Bring it On

Written by beyondwords : January 18, 2008

Over the holidays, I finished reading N.T. Wright’s Jesus and the Victory of God.

The urgency of Jesus’ mission–calling Israel to repentance and announcing the inauguration of the Kingdom of God–sets the whole of Scripture in a new light.

Before we turn everything Jesus said and did into a disembodied spiritual platitudes, we must understand that he was subverting Israel’s notions of YHWH’s rule and Israel’s election. He was saying to the status quo: “You’re 180 degrees off track and you need to turn around or face the cataclysmic consequences!”

Even the prayer Jesus taught us is a cry for provision and protection for the inauguration of the kingdom. If YHWH’s kingdom is coming and his will is being done on earth as in heaven, a lot of people will not welcome it. Those who become YHWH’s agents as Jesus’ disciples will face persecution.

Thus, “lead us not into temptation” is better translated as “lead us not into the time of trial.”

Sometimes I find myself recklessly praying not to be spared from the time of trial, but for courage to recognize the persecution, and to stand against the status quo of our day.

We often hear about Christians being persecuted by “the world,” but Jesus wasn’t talking about that. He was warning his disciples that those who felt their election was secure for the coming reign of YHWH would not be happy with his message.

Let’s all pray for courage to recognize where we need to stand against those of our day who believe their “election” is secure, when they really need to turn around 180 degrees.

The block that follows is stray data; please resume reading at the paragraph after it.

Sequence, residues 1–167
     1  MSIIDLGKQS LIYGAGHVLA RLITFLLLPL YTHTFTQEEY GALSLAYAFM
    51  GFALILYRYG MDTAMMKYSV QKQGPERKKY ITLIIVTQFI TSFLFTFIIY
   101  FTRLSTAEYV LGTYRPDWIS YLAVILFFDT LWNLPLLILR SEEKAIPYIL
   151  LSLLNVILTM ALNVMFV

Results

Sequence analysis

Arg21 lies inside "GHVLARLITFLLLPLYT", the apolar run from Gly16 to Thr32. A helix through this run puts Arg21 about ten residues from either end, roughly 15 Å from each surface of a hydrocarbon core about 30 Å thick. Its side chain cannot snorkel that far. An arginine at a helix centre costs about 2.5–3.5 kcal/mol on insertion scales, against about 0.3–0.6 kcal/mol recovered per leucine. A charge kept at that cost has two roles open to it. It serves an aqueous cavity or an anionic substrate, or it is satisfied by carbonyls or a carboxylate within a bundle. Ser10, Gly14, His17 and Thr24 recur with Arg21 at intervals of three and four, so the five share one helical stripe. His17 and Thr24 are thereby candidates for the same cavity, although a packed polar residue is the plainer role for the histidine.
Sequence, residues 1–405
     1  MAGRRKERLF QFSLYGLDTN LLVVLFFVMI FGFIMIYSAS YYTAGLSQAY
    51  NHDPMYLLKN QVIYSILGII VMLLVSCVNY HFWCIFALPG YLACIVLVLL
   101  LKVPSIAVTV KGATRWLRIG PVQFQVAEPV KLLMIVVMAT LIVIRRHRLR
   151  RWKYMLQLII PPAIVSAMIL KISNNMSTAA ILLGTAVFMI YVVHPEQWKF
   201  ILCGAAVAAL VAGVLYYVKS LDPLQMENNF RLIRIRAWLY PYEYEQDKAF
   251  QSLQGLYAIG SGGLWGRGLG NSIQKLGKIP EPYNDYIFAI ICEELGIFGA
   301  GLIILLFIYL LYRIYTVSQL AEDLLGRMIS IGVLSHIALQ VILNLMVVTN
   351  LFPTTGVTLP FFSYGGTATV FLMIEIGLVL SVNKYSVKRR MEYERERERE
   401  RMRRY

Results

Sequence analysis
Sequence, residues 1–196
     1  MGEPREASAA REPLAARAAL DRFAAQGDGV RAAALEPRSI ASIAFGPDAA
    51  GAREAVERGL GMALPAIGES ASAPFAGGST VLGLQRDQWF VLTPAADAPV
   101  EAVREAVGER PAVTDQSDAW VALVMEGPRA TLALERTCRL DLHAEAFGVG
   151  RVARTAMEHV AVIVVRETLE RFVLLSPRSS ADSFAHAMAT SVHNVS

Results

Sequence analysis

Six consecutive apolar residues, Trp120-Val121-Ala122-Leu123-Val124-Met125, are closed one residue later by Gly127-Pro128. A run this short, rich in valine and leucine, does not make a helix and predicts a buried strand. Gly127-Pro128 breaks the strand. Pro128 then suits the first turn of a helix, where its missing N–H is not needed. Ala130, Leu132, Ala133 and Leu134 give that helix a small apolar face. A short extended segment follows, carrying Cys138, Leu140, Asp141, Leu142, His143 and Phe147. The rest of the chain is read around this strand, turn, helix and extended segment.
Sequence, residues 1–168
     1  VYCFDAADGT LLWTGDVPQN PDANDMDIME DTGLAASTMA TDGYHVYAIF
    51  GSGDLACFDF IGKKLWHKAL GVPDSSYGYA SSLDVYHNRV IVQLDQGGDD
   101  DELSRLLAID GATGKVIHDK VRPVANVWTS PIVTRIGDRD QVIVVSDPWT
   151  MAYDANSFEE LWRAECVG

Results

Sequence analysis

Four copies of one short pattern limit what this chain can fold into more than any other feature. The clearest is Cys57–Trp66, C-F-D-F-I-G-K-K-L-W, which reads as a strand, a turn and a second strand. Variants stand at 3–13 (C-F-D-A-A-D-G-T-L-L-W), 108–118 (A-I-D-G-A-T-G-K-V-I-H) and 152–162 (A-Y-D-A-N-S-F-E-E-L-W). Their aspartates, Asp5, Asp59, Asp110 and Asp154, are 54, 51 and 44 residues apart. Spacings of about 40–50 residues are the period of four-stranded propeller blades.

Let’s make the Lord’s prayer the subversive cry it was meant to be. If persecution is required, can we say, “Bring it on?”

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4 Responses to “Bring it On”

  1. Joe Carson on January 18th, 2008 6:23 pm

    How have you, personally, “suffered for righteousness’ sake?” Is not the most “unfair” thing about your life (as mine, by the way) how “unfairly fair” life is, has been, and will be to you, relative to the vast majority of humans beings in recorded history or living today?

    Lenin dismissed most of this “Marx manifestistas” as “tea drinkers.” While I condemn using unlawful means to improve and advance democratic “rule of law” - “God’s will be done on earth” - to best degree mankind has been able to ascertain and try in its history, the gulf between the words and the actions publicly taken to advance them, even if they cost one that empirically most precious thing of economic advantage, is a scandal.

  2. Beyond Words on January 18th, 2008 8:22 pm

    Hey, Joe. You’re right. I’ve never suffered political or physical persecution. But I’ve suffered deeply and painfully for righteousness sake in interpersonal relationships within the church–which is largely part of the “status quo” I was talking about in my post.

    I’m not sure what you’re second paragraph means, :) I don’t think you’re equating democratic rule of law with God’s will on earth–but I do think it’s a scandal we Christians have not lived in a way that risks persecution. That’s why I pray for courage to recognize where to take a stand and risk the consequences.

  3. Mark Van Steenwyk on January 19th, 2008 1:24 pm

    This ties into Mike’s article about Christians being “haters of humanity.” I posted some suggestions there that would probably end up in persecution.

    Persecution happens when you go against the status quo enough to threaten it. In a pluralistic society like the USA, we make generous legal allowances (compared to most nations) for dissent. That is one reason why persecution isn’t prevalent. Another reason is that our understanding of Christianity has been so co-opted by the ideals of Liberal Democracy (in the classic sense of the term) that we don’t recognize the ways in which we should struggle against the Powers.

  4. Jason Barr on January 21st, 2008 2:23 pm

    Also, “lead us not into” can be more loosely rendered as “save us from”, which I tend to thing flows more coherently with the overall thought pattern of the prayer.

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